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Demolition of Sandy-Ravaged Homes to be Done by End of Summer

7-10-13

By Lauren Wanko
NJ Today

It took years to make a Normandy Beach house a home, but this afternoon it only took a few, short hours to knock it to the ground.

“It’s sad. It was our home. We didn’t rent it. We lived here. We used it all year round,” said homeowner Rich Hennion. “It’s tough to watch.”

DEP Commissioner Bob Martin today toured demolition sites in Brick and Toms River to highlight the demolition effort and FEMA’s private property debris removal program. About 3,000 demos are expected to be completed statewide by the end of the summer. Martin says he’s happy with the progress.

“The second phase of this is rebuilding and the governor’s laid it out — this is gonna take time in a lot of cases. And we gotta work through a lot of both federal regulation, also a lot of federal money. The federal money’s just been coming through just now so there’s only one phase at a time. We can only move as fast as we can with the federal portion of this,” Martin said.

FEMA will pick up 90 percent of the cost. As for the other 10 percent?

“The municipality pays that money up front but then what happens is the homeowner is required to give us all their insurance information so they would apply for the insurance, that insurance payment would be made and would come to the municipality,” said Brick Township Mayor Stephen Acropolis.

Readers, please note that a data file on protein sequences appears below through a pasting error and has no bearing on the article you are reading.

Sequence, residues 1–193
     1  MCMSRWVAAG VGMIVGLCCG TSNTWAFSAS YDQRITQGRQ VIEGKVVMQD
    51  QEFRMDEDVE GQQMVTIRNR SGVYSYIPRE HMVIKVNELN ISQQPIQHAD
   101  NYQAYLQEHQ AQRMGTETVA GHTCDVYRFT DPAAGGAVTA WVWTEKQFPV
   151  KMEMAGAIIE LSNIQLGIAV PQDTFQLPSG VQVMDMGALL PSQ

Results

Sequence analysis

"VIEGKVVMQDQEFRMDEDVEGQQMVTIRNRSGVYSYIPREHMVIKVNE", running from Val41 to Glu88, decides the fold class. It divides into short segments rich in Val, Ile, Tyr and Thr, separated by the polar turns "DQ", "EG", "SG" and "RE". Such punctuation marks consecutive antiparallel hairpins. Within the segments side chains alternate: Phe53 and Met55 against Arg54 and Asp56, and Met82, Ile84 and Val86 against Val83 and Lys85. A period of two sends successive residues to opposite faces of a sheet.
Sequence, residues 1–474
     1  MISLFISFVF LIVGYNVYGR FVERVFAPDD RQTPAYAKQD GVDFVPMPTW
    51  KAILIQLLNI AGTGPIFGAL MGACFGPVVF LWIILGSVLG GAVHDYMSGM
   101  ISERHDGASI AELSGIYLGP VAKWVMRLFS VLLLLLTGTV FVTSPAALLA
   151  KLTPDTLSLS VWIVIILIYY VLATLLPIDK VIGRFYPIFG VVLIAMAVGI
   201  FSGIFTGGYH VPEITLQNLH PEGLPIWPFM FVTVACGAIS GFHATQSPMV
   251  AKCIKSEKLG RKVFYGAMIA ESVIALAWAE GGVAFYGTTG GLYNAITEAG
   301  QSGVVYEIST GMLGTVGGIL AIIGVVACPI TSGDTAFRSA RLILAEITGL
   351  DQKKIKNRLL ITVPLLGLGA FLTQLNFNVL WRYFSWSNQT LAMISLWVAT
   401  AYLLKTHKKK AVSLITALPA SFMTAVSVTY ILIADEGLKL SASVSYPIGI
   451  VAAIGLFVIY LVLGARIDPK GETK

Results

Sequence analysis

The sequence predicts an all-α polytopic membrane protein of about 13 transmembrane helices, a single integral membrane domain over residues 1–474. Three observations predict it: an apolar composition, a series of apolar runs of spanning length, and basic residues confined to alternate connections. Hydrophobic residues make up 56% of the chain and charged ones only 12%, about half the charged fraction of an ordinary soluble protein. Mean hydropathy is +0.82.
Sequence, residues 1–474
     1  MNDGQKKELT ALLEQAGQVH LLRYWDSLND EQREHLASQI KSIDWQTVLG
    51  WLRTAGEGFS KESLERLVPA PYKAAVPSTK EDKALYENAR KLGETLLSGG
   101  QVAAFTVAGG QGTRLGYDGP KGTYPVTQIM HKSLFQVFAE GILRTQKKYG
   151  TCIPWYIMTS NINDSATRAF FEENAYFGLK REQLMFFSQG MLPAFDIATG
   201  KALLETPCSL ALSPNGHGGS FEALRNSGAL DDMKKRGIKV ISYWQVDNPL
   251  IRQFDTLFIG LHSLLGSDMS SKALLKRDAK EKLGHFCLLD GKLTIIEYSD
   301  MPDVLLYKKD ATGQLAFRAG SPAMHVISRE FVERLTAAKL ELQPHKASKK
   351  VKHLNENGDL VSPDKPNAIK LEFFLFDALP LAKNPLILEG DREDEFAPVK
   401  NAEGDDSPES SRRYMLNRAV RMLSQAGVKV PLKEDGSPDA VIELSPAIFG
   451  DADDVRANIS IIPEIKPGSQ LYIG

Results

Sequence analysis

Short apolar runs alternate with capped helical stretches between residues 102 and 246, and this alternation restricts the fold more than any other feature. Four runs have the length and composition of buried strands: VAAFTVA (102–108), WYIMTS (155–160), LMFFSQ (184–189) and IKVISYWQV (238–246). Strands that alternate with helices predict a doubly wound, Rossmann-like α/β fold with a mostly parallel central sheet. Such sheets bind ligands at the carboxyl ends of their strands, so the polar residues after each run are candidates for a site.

More than 200 homes are slated for demolition in Toms River. Mayor Tom Kelaher says the FEMA program is vital for homeowners.

“We have a whole spectrum of people. Some have insurance, some don’t, some can afford it, some can’t. If we had to leave it up to the individual people, there could be houses in that condition for who knows how long,” Kelaher said.

Still, the financial toll is only part of the burden for homeowners like the Hennions.

The family spent the past four summers in their home. Since the house collapsed, they couldn’t access it. That means everything is still in the home as it’s being demoed.

Rich Hennion remains optimistic. He’s meeting with an architect tonight.

“It’s sad, but it’s a first step in rebuilding,” he said.

Still, mountains of debris saddened neighbors like Mary McFarland. This was her favorite house in Normandy Beach.

“We’re just watching this machinery gobble it up and we know that we’re not gonna have this. It’ll be a memory now,” McFarland said.

The DEP expects all demo work to be completed by the end of the year.


  • Kathy anselmo

    This was disturbing. You show some one who spent the last 4 summers in Normandy beach. Their vacation home, not their primary residence. I lost my home, my memories, and 90% of my contents,but you show a vacation home demo. Very disappointing. And tell joe simonetta that 85-90 % are up and running is so wrong. I was very upset that you let that segment run. So incorrect. I realize you are getting direction to show optimistic signs of recovery for the tourism industry, but I only wish you would speak with the people like us who are still displaced and are waiting to move back home. Thanks